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Nabil al-Haidari

The story of the Isrā’ and the Miʽrāj[1] is one that frequently excites much debate due to the contradictory expressions, obscurities and considerable incoherences voiced by proponents from the various tendencies and schools. The story of the Isrā’ is referred to in the Qur’ān: Glorified be He Who carried His servant by night from the Inviolable Place of Worship to the Far Distant place of worship the neighbourhood whereof We have blessed, that We might show him of Our tokens! [Qur’ān XVII,1]

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Mohammed al-Sanduk

One ancient Chinese custom that arose in the tenth century towards the end of the Tang Dynasty was the binding of young girls’ feet with long strips of material so as to restrict their growth to a mere seven centimetres. Standards of beauty of the time viewed the natural size of a woman's foot as something aesthetically undesirable.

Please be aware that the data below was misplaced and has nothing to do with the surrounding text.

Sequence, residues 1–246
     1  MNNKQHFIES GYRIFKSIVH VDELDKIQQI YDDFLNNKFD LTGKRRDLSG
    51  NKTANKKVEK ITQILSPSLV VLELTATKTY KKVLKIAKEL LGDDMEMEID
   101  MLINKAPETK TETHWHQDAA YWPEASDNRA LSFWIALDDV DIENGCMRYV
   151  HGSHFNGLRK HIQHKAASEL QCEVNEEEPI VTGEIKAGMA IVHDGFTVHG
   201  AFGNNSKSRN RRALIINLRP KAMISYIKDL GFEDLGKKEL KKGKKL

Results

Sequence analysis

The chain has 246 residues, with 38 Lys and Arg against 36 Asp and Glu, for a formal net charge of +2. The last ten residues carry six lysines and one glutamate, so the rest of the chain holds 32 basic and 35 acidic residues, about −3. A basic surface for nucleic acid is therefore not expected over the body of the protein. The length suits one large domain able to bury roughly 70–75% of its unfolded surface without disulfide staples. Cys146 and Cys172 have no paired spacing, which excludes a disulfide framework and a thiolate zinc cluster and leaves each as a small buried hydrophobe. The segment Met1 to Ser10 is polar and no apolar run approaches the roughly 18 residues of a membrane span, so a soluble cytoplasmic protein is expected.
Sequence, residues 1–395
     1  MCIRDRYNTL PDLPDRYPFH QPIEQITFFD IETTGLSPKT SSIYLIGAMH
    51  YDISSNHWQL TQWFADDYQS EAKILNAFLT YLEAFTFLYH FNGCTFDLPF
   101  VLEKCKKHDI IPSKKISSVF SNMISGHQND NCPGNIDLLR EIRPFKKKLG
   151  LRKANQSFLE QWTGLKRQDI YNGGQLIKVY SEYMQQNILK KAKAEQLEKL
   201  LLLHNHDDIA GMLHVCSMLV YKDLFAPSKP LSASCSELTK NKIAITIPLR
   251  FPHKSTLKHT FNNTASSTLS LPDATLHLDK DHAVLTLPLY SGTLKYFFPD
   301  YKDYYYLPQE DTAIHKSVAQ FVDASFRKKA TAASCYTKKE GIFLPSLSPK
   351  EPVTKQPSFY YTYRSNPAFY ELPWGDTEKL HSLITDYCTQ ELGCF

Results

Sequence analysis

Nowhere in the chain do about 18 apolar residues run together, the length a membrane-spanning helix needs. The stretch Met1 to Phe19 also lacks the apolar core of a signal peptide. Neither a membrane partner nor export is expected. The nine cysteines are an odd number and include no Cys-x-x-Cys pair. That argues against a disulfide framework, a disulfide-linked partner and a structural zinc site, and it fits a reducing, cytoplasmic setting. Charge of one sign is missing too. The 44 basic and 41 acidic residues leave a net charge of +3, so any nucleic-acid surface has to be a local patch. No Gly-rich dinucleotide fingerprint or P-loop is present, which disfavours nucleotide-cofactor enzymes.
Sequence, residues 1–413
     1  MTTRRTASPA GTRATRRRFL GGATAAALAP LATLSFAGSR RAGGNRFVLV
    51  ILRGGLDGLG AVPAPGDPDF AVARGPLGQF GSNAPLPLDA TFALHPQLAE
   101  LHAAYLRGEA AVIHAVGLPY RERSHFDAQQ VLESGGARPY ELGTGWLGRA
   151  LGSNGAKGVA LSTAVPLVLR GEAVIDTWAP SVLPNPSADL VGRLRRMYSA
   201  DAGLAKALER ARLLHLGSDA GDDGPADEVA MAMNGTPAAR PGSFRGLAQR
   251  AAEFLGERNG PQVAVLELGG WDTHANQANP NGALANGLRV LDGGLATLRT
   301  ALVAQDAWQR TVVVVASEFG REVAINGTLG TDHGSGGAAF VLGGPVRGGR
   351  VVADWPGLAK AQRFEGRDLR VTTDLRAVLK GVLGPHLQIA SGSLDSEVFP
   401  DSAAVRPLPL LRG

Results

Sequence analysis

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Babikir Faysal Babikir

In the newspapers in Sudan not long ago it was reported that the imam and preacher of the Al-Nur mosque in Khartoum, Dr ‘Isām Ahmad al-Bashīr, issued a warning in his Friday sermon concerning the peril of the appearance of a group of ‘Sudanese agnostics’ and considered their emergence to constitute a danger threatening the faith of Sudanese society. The press that week also reported other news on the ‘apostasy’ of a young girl in the Al-Hāj Yūsuf district who had embraced Christianity.

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